web developer & system programmer

coder . cl

ramblings and thoughts on programming...

abstracting plant nodes in proview

published: 22-07-2012 / updated: 22-07-2012
posted in: c, c++, development, programming, projects, proview, tips
by Daniel Molina Wegener

As you know I am working on a ProView project. It has a logical and physical distinction between plant and station nodes. Physical nodes are mainly controlled by logical nodes, including user defined applications written in C, C++ or Java. On this case we are using C and C++, C for low level ProView calls and C++ to create a nice object oriented interface. A very good approach is found on ProView General Data Handler or GDH API, where you can have access to the full node hierarchy using GDH calls. This allows managing nodes in all levels, even if you want to create new nodes in run-time. This is very nice, so I have defined a C++ class device to manage each device automatically and due to the algorithm complexity we cannot use PLC programming.

system design desk

published: 21-07-2012 / updated: 21-07-2012
posted in: c++, development, programming, projects, tips
by Daniel Molina Wegener

Usually you get stuck in your computer trying to solve problems. But problems are solved thinking, and getting stuck in the computer is not the optimal way to think in complex problems. In one of my recent projects I have been working on a complex state machine, which is hierarchical and deriving states to each device on the system. On a computer is hard to have an overview of the entire system, even if you have a good modelling tool. In our team we are doing some diagrams on whiteboards, taking photos from them and then we are individually thinking on wider perspectives of the problem.

proview I/O layers

published: 09-06-2012 / updated: 09-06-2012
posted in: c, c++, development, programming, projects, proview, tips
by Daniel Molina Wegener

Understanding the I/O layers on ProView is a must. If you understand the I/O layers, you will be able to configure channels and signals grouped in classes allowing a very good usage and abstraction of the devices that are being examined and manipulated from ProView. For example a Profibus device can have 8 digital input channels for its status, but they should be grouped a custom class using an array of digital channels with Bit8 as data representation, so they are used as object attributes rather than separate channels, if you do not configure the proper class, you will be wasting your time configuring separate channels for each device, leading to some mistakes. Just imagine that you want to configure 50 devices with the same number of channels for its status, you will need to configure 50 times each channel. So, you really need to know about the I/O layering on ProView.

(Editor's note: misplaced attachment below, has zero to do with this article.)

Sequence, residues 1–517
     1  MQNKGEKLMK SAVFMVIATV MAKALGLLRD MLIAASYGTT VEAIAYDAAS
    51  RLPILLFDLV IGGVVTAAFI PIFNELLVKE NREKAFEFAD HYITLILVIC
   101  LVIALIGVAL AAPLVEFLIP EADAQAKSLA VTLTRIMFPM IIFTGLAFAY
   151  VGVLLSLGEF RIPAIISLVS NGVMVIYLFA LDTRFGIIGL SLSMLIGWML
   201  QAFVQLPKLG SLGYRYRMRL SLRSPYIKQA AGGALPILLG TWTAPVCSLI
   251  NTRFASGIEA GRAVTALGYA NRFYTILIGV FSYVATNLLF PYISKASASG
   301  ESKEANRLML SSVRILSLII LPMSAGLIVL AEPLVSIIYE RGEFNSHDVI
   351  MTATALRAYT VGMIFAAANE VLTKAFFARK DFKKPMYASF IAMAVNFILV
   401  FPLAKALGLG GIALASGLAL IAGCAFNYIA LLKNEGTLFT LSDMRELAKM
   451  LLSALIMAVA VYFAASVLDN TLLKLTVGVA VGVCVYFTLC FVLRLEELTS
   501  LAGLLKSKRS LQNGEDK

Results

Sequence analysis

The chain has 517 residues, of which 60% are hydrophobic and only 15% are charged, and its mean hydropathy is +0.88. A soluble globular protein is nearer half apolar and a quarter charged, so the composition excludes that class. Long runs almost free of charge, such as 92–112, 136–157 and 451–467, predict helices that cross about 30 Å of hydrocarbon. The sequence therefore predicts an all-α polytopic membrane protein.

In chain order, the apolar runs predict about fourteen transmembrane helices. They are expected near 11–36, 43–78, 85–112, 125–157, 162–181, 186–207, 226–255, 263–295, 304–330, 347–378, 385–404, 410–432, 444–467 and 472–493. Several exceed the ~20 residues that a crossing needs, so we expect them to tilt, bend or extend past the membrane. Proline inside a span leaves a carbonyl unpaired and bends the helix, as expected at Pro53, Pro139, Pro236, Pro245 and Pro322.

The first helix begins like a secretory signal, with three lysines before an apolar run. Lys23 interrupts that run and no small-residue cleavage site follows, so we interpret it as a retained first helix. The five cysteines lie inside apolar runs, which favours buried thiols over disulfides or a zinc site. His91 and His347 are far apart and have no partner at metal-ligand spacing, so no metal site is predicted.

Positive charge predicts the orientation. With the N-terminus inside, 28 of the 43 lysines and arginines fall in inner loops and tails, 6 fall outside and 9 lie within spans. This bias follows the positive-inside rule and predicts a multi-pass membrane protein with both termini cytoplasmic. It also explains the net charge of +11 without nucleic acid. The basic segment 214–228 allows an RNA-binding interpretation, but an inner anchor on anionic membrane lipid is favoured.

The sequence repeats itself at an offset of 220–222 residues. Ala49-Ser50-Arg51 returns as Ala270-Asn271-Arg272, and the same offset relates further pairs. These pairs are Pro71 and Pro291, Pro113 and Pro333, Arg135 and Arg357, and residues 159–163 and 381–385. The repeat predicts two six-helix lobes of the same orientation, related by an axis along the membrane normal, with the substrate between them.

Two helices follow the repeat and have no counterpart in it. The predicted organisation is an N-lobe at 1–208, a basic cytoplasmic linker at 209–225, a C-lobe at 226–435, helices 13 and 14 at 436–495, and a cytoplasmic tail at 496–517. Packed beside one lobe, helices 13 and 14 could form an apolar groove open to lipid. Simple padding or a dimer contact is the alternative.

proview and direct binding

published: 07-06-2012 / updated: 07-06-2012
posted in: c, c++, development, programming, projects, proview, tips
by Daniel Molina Wegener

I am currently working on a ICS/DCS system using ProView. The project is cool, very interesting, where I must implement some nodes on the DCS system, as usual it has three main types of nodes where I must implement two of them: the controlling station and the processing station, there are more nodes to be implemented in the future, like reporting nodes and storage nodes. I was working with the controlling station and I was impressed with the abstraction layer, where you can bind the processing station objects into the HMI objects directly. This is really nice, and due to the nature of the used protocols, like Modbus, RP, Profibus and similar ones, we are not able to use a Web Interface.

I started using proview

published: 02-06-2012 / updated: 04-06-2012
posted in: c, c++, development, programming, projects, proview
by Daniel Molina Wegener

I started using ProView. This is a process control and automation system with a FOSS license, which makes it a good approach for building some interesting projects. It is nice, you can define from single controlled nodes to complete processing stations and HMIs controlling each node. You can use simple PLC programs for the defined hardware and devices, or you can use C, C++ or Java — but Java is not so useful due to real-time application requirements — applications if the station processing and control requires more complex algorithms, which cannot be handled using PLC programs. That is the case of my current project, I am building an application that acts as PLC program which will implement some complex algorithms.

mozilla extensions with xpcom

published: 31-07-2010 / updated: 31-07-2010
posted in: c, c++, programming, projects, tips
by Daniel Molina Wegener

The XPCOM API can allow you to create low level extensions — I mean written in C++, with support for C and assembler through C++ — and plug ins for Mozilla products. For example, you can create an extension to browse IMAP folders from Mozilla Firefox. This API is analogous to the COM+ API on Micro$oft Windows. One of my most recent projects, is a Firefox extension to handle SNMP protocol requests from JavaScript, so my extension is applied from the JavaScript within the HTML in the browser, allowing Firefox to act as an SNMP client. The extension is working fine, without memory leaks and allows you to do get and walk request. Possibly it will be expanded to more requests on the future.

c++ type casting operators

published: 25-07-2010 / updated: 25-07-2010
posted in: c++, programming, tips
by Daniel Molina Wegener

Traditionally, C programmers and Java programmers are accustomed to use the type casting form: (type)variable. C++, instead of that classical type casting form, has various type casting operators, used for different purposes. Each operator is used with different kinds of references, for example, you can not use the static_cast operator with virtual classes. Type casting operators in C++ has a syntax very similar to C++ Templates: cast_operator<type>(variable).